In the third book of the Suffrajitsu trilogy, Christabel Pankhurst is shown encouraging the women of England to hand white feathers to “every man you see who is not in uniform”. What was the meaning of this campaign, and why does Persephone Wright reject it?
In real history, the “White Feather” campaign was initiated during August of 1914 by Admiral Charles Fitzgerald and the author Mary Augusta Ward. Within the context of nationalistic fervor at the outbreak of the War, their plan was simple; in order to reduce “malingering”, which was the then-current term for avoiding military service, women would hand symbols of cowardice to young men in civilian clothes, with the object of humiliating them into joining the Army.
Emmeline and Christabel Pankhurst, who had by then suspended their “Votes for Women” campaign and thrown their efforts into supporting the government for the duration of the war effort, became enthusiastic proponents of conscription. Christabel went further, advocating internment for all members of “enemy races” in England. There is, however, very slight actual evidence linking either of them to the White Feather campaign, other than a paragraph in Sylvia Pankhurst’s 1931 suffragette memoir which conflated her mother’s and sister’s followers with that campaign.
Given that Sylvia had been bitterly estranged from her family, it seems not unlikely that this assertion was either vindictive or honestly mistaken; detailed archive searches have revealed no direct correlation between the WSPU and the White Feather Brigade.
It’s impossible to judge how effective the campaign actually was, but it quickly became highly controversial. Notably, members of the “Order of the White Feather” were criticized for indiscriminately targeting any man who was out of uniform, including those who were engaged in crucial public service occupations and those who had been honorably discharged from the Army due to injury or illness. The government responded by creating various lapel badges, including the “King and Country” and “Silver War” badges, to indicate that the wearer was not a malingerer.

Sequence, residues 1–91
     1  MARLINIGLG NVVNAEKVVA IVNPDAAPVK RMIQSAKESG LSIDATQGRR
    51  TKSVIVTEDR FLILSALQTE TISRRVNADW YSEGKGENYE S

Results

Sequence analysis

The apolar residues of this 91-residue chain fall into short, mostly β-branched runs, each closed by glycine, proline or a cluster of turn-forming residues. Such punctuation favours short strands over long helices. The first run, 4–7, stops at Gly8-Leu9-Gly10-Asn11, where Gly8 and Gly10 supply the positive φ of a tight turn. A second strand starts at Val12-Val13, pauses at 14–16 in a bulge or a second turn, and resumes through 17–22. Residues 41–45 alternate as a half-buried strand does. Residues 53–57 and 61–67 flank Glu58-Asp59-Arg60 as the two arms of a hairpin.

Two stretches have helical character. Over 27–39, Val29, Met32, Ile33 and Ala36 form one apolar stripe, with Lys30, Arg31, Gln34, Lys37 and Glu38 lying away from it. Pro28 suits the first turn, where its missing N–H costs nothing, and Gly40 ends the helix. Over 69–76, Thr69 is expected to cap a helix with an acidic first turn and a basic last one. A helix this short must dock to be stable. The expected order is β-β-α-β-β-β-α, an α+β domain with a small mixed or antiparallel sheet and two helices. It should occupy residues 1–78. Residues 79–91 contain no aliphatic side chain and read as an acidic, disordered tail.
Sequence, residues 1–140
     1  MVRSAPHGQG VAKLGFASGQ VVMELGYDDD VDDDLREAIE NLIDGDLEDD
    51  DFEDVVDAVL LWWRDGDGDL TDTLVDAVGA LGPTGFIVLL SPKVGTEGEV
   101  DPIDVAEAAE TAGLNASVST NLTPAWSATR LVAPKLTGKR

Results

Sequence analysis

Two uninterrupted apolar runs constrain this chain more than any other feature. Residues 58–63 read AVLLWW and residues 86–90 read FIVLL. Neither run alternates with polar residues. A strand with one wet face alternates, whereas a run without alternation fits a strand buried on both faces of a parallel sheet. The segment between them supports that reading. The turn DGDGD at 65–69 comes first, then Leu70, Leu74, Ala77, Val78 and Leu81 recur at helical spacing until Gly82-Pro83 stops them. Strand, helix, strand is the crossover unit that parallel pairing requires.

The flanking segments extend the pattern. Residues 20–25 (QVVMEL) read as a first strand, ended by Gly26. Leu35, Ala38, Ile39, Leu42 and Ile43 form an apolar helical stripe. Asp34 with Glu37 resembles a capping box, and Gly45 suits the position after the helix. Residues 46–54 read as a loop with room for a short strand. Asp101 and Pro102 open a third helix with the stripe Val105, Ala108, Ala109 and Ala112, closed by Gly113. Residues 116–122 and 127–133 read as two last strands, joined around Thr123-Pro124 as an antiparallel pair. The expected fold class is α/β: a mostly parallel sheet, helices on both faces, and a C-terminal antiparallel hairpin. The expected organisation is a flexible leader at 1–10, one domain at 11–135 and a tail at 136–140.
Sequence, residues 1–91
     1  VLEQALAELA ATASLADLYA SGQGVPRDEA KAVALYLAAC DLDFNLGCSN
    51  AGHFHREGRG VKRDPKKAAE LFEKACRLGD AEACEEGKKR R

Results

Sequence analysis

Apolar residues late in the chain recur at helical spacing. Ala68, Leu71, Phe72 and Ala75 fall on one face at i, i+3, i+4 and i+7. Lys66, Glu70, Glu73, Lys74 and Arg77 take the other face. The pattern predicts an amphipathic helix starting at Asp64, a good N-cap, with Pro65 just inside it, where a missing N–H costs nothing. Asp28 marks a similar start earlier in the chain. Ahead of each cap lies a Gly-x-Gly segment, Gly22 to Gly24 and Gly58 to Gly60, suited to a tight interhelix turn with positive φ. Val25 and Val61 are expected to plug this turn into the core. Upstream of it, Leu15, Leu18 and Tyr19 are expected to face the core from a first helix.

Compounding the controversy, soldiers who were “at home” (on leave from active service) were also frequently handed white feathers if they chose not to wear their uniforms while in public. One such was Private Ernest Atkins who was on leave from the Western Front and who was presented with a white feather by a girl sitting behind him on a tram. He responded by slapping her with his pay book, saying: “Certainly I’ll take your feather back to the boys at Passchendaele. I’m in civvies because people think my uniform might be lousy, but if I had it on I wouldn’t be half as lousy as you.”
As the War dragged on and especially as news of the horrific conditions faced by soldiers filtered back to England, the White Feather campaign began to lose popular support.
Although the campaign was briefly revived during the Second World War, the effort was by then widely perceived to be in infamously bad taste.
In the fictional universe of Suffrajitsu, protagonist Persephone Wright rejects Christabel’s encouragement to support the White Feather campaign on ethical grounds, stating that “A man who’s been shamed into service isn’t a volunteer at all”. This is particularly significant in that Persephone had previously been among the most ardent supporters of Christabel’s “Votes for Women” movement during the pre-War period.